There was a point when Washington State sent out $50,000 checks to 165 small cities under 5,000 population to fund street resurfacing. Streets cannot be resurfaced fully and economically for $50,000, so the money, more than $5 million per year in total, was fighting a losing proposition.
The Washington State Transportation Improvement Board (TIB) conducted a PDCA study of how best to provide street preservation support.
The TIB now pays counties to complete preventative street maintenance at a savings of about 60 percent. The $50,000 checks process was replaced by a pavement-management approach that resulted in funding the right street, with the right treatment, at the right time (we call this the “3 Rights”).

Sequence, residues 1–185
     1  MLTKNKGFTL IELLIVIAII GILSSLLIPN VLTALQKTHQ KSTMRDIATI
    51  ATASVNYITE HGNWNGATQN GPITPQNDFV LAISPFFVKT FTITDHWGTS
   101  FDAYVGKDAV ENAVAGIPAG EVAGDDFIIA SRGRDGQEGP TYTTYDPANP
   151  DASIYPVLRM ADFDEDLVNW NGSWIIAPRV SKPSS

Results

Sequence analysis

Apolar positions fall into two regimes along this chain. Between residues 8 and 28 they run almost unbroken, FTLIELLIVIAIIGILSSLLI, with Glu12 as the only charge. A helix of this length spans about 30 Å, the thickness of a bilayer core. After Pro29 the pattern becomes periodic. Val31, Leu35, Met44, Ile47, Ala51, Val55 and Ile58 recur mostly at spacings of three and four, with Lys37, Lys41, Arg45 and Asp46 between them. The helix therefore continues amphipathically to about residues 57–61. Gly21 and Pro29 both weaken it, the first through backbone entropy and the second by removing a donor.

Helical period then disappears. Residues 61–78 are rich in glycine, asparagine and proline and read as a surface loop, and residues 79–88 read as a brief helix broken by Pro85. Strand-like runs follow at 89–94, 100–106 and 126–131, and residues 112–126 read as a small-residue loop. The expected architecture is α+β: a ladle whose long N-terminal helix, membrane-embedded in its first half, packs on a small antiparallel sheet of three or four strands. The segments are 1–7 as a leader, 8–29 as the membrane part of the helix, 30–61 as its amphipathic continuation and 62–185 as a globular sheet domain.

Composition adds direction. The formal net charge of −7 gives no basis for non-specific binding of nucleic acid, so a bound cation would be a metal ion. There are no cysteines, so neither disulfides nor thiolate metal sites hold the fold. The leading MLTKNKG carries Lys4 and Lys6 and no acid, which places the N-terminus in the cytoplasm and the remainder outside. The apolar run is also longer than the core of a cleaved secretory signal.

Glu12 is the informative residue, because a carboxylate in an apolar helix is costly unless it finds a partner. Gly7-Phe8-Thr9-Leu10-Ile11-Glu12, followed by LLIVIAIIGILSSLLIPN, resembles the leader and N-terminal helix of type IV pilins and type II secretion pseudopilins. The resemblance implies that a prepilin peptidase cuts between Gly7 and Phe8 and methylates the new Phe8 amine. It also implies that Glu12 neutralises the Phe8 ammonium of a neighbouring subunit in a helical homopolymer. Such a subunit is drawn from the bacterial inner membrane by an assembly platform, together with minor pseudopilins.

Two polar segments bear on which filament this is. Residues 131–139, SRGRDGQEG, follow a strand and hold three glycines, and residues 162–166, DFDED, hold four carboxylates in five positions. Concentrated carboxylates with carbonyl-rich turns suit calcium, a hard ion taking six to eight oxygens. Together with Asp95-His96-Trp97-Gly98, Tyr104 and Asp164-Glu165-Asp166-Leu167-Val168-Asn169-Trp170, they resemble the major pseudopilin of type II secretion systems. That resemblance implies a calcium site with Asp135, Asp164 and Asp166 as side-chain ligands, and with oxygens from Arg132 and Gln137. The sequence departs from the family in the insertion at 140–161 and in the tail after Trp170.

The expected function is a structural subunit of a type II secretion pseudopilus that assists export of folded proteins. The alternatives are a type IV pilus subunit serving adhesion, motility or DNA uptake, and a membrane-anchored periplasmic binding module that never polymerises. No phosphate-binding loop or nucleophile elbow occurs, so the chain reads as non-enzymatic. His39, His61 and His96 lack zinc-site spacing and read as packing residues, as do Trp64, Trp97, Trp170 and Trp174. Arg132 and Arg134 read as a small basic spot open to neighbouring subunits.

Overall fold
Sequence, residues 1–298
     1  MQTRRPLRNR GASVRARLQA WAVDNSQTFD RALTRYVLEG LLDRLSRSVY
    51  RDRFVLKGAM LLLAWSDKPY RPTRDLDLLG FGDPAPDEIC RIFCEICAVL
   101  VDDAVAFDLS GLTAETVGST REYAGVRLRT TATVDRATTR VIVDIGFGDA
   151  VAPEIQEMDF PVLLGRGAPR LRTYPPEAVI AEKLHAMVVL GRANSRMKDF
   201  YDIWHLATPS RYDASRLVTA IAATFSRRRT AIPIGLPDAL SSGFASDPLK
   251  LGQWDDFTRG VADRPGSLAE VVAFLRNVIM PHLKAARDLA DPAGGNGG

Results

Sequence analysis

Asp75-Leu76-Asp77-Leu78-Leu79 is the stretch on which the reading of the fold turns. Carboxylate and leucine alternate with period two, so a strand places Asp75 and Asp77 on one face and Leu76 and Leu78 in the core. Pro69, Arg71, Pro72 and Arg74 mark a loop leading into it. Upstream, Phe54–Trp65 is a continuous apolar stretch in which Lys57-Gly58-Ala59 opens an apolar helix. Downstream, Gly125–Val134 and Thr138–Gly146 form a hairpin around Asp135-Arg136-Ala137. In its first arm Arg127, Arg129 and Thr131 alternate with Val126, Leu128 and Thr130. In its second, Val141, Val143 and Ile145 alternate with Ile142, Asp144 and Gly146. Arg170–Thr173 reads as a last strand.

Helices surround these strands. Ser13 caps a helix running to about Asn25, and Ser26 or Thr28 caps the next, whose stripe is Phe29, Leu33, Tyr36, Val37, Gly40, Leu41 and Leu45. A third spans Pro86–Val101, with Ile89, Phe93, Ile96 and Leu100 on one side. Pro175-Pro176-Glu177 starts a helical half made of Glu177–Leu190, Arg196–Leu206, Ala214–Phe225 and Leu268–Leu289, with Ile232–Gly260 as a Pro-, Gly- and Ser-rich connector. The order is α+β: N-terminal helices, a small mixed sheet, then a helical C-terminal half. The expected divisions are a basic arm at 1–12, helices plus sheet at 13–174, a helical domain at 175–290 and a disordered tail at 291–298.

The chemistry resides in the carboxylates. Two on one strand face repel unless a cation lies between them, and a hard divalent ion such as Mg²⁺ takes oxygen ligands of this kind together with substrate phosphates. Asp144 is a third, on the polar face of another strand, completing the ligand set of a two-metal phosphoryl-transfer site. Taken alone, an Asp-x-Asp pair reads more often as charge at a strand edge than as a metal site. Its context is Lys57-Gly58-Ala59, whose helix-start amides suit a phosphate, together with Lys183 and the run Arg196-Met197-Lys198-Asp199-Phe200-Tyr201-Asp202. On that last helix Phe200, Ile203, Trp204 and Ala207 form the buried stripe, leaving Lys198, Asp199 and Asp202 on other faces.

The overall lean re-engineering of small-city street maintenance in Washington produced an exceptional outcome. Pavement condition turned the curve after decades of decline and started to improve. Average condition now exceeds performance targets and projects are produced with greater scale economies. About the same $5 million is spent each year, but on a winning proposition.
Learn more at: https://www.lean.org/LeanPost/Posting.cfm?LeanPostId=637